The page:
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This dissertation presents the results of theoretical investigations of the electron distribution in crystals. Electronic and magnetic properties can be investigated using the theory of quantum mechanics developed at the beginning of the 20th century. The increased power of computational tools enables nowadays the treatment of more and more accurate models to simulate electron motion in crystals or molecules and complement experimental observations and interpretations. Crystals containing transition metal elements are studied in many laboratories for the complex behavior of electrons leading in some cases to intriguing properties like superconductivity or magnetoresistance. These properties are often intimately connected to the open shell character of the transition metal ions, which are susceptible to adopt different electronic configurations and oxidation states depending on their environment. This dissertation focuses on the distribution of electrons between transition metal and ligands and discusses various definitions of oxidation state and charges for the transition metal ions and compares with estimates on the basis of different experimental techniques. The perovskite oxides treated in this work present some crystal distortions at low temperature. We described the crystals within the embedded cluster approach and also compared with the periodic approach. Much information can be extracted using the quantum mechanical methods that are briefly described in Chapter 2. These methods are aimed at approximating the solutions of the Schrödinger equation, which cannot be solved exactly for such extended systems. However, experience has shown that by choosing the correct approximate quantum mechanical treatment one is able to recover many of the experimental observables. The analysis of the factors that enable to reproduce these observables is of great importance to guide the design of new materials. In the embedded cluster model, a limited number of transition metal ions and nearest anions are considered to represent the material. To introduce the effect of the rest of the crystal this cluster is embedded in a set of point charges to account for long range electrostatic interactions, whereas the nearest ions around the cluster are represented by model potentials. This cluster (or "molecular") material model allows the use of advanced ab initio quantum chemical methods that accurately describe the electron distribution in the cluster region including strong local electron correlation. In this thesis the complete active space self consistent field (CASSCF) model is used to find the approximate wave functions. The CASSCF expansion of the N-electron wave function is constructed by distributing a limited number of electrons over a set of relevant valence orbitals, the so-called active space. All other electrons are in doubly occupied orbitals, the inactive orbitals. CASSCF is able to give a reasonable description of the distribution of the electrons of the cluster, but it fails in many cases to reproduce accurately the relative energies of the different electronic states, because the method only partially includes the effects of so-called dynamical electron correlation. This can be improved with the use of many body perturbation theory. In this thesis we employ complete active space second-order perturbation theory (CASPT2). The weak point of the embedded cluster approximation is the size of the considered clusters. We obtained complementary information from calculations in a periodic model. These calculations are based on one-electron band theory, with a simpler wave function model. A crystal can be viewed as a regular array of atoms (or molecules) which follows crystallographic symmetry rules. Bulk properties can be investigated by applying periodic boundary conditions, which are briefly introduced in Chapter 2. In the thesis periodic unrestricted Hartree-Fock (UHF) and hybrid density functional theory (DFT) (B3LYP) calculations are used to determine one-electron properties that lead to few points of comparison with experiment like the band gap and the electron charge distribution. Chapter 3 is devoted to finding a relation between the observed Mössbauer isomer shifts and computed electronic distribution of transition metal compounds containing iron. Motivation for this study is that it is common practice to relate the Mössbauer isomer shift with the oxidation state of Fe in the compounds. Multiconfigurational N-electron wave functions are calculated for a series of Fe complexes. We find a linear correlation between the experimentally determined $^{57}$Fe M"ossbauer isomer shift and the calculated electron density at the Fe nucleus. However, the analysis of the wave function in terms of valence bond terms shows that there is no straightforward relation between the density at the nucleus, the so-called contact density, and the charge or oxidation state of the iron atom in the complexes. The analysis of the CASSCF wave function expressed in localized orbitals shows that the isomer shift is very sensitive to the weight of charge transfer configurations and hence to the covalency. It gives a measure of the deviation from the formal charge rather than of absolute charge. Many perovskite oxides exhibit orbital and/or magnetic ordering. Some transition metal oxides are believed to also show charge ordering. However, the ordering of the charge is still not well understood. This points the interest on CaFeO$_3$, which contains according to the ionic model high valent Fe4+ (d4) Jahn-Teller (JT) active ions but shows, instead of JT distortions, an alternative type of distortion interpreted as charge disproportionation at low temperature. In chapter 4 we use the embedded cluster approach to study the ground state of CaFeO3 and the pressure induced spin transition observed in this material. Ab initio calculations have been performed to clarify the character of the ground state of the high temperature phase of CaFeO3 at different external pressures. The analysis of the correlated N-electron wave function of properly embedded [FeO6] clusters in terms of optimal atomic orbitals clearly establishes the character of the ground state as being dominated by ligand-to-metal charge transfer configurations. For all pressures, the number of Fe-3d electrons is around five and the Fe should be considered as a Fe d5 ion. We find a S=2 to S=1 transition around 25 GPa external pressure in the CaFeO3 crystal. In Chapter 5 three perovskite oxides that undergo different type of distortion for decreasing temperature, are investigated. The character of the ground state is determined with accurate CASSCF wave functions for LaMnO3 , CaMnO3 and CaFeO3 crystals. Distortion in the octahedral environment is performed to investigate the evolution of the eigenvalues for the corresponding wave function. These artificial distortions explain why the LaMnO3 crystal, well know to show orbital ordering, prefers to go through a collective Jahn-Teller distortion while the Fe ions in CaFeO3 avoid the particular d4 electronic configuration and undergo a different type of distortion. We finally investigate in Chapter 6 two different crystals, CaFeO3 and YNiO3, characterized by a type of distortion that is commonly interpreted as charge disproportionation. The transition metal ions are predicted to keep the same charge for decreasing temperature using either embedded cluster or periodic approaches. The analysis of periodic solutions using UHF and hybrid DFT (B3LYP) demonstrates that there is no reason to consider different oxidation state or charge for the TM ions in these compounds at low temperature. Embedded cluster calculations agree with an almost identical charge on Fe ions in CaFeO3 and Ni ions in YNiO3 crystals in the low-temperature phase. The results from Chapter 3 are used to show that the difference in Mössbauer isomer shift of the two Fe sites in CaFeO3 is not a direct proof of charge disproportionation. The two isomer shifts can also be explained by the somewhat more covalent oxygen metal bond in the large octahedron in comparison to the small one.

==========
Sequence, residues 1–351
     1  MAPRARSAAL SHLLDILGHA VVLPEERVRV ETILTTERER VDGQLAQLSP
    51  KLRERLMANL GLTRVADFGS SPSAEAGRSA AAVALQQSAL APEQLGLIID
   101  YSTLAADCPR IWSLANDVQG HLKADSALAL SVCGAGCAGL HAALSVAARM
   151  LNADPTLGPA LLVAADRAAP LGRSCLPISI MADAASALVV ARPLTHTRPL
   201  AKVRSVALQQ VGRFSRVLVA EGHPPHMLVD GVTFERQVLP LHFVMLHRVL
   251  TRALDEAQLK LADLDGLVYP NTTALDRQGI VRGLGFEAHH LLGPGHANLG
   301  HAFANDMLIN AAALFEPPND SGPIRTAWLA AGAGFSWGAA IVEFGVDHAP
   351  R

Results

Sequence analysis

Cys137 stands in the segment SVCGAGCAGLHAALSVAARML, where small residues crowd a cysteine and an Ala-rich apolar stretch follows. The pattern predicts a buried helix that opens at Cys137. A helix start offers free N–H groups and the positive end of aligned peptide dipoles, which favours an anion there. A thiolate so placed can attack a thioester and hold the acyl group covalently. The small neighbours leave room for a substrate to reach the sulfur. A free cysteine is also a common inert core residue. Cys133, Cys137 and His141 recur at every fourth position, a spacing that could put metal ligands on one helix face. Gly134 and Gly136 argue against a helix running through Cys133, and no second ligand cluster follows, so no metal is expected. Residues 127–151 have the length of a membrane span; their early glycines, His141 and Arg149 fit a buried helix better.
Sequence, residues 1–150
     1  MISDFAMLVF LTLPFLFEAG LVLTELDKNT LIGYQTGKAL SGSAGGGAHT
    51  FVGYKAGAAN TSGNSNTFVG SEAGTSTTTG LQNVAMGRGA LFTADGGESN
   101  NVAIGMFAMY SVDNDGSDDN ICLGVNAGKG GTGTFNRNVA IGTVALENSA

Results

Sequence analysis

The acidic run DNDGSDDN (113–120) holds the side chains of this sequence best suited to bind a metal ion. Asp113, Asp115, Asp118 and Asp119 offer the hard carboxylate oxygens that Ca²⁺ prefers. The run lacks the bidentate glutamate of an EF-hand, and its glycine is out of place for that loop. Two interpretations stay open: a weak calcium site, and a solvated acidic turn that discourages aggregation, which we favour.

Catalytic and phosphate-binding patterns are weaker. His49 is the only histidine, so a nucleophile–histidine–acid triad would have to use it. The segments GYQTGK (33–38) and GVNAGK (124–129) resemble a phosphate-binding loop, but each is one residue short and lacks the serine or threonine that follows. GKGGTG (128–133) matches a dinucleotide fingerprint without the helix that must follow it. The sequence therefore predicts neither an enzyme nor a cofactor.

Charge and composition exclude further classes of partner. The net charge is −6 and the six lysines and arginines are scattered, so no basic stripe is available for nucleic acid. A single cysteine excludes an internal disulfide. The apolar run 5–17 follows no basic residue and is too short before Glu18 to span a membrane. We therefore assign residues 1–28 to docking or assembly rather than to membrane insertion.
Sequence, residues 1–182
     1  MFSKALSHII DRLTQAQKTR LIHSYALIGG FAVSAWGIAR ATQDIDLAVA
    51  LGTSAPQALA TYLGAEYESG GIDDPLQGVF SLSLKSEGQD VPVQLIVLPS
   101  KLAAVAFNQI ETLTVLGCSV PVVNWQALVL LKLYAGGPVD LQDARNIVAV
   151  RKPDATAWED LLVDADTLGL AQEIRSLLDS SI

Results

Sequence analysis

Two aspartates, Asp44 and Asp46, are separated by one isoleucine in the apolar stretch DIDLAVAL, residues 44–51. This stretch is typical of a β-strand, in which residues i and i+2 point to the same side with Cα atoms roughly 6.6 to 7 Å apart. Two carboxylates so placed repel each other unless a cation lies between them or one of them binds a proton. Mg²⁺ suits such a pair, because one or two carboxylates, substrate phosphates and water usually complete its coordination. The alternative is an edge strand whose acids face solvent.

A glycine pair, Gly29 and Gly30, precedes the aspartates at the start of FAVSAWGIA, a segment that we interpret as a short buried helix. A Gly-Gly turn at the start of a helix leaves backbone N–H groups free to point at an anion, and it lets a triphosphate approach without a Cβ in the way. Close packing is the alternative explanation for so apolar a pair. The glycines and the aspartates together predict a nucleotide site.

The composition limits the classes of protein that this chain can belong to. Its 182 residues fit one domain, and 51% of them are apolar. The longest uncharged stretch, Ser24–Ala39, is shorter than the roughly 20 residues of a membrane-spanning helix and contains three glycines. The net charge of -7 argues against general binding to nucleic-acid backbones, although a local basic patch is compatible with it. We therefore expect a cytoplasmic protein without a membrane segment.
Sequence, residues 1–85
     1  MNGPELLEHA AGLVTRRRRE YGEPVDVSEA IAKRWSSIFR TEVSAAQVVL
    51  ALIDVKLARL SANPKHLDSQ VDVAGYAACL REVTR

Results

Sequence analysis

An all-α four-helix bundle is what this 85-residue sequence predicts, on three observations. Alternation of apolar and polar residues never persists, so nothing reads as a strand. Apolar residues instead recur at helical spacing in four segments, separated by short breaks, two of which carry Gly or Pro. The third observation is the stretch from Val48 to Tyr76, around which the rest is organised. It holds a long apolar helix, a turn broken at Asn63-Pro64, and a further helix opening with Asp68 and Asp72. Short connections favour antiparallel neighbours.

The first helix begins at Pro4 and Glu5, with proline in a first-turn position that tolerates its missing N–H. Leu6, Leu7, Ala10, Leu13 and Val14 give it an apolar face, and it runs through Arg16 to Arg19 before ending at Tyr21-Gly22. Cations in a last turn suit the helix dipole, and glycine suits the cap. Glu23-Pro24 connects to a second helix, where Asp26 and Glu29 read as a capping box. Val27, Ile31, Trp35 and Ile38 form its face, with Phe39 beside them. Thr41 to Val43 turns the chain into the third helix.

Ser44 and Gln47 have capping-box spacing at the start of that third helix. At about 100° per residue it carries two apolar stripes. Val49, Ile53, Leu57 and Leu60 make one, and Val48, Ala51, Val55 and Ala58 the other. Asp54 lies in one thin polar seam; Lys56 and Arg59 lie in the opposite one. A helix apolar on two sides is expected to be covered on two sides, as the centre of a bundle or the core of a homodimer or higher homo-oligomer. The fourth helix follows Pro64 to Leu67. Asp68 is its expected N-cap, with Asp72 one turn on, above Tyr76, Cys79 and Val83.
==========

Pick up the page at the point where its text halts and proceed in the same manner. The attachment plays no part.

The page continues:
Originele taal-2English
KwalificatieDoctor of Philosophy
Begeleider(s)/adviseur
  • Braam, Ria, Supervisor
  • de Graaf, Coen, Supervisor
Uitgever
Gedrukte ISBN's9789036734387
StatusPublished - 2008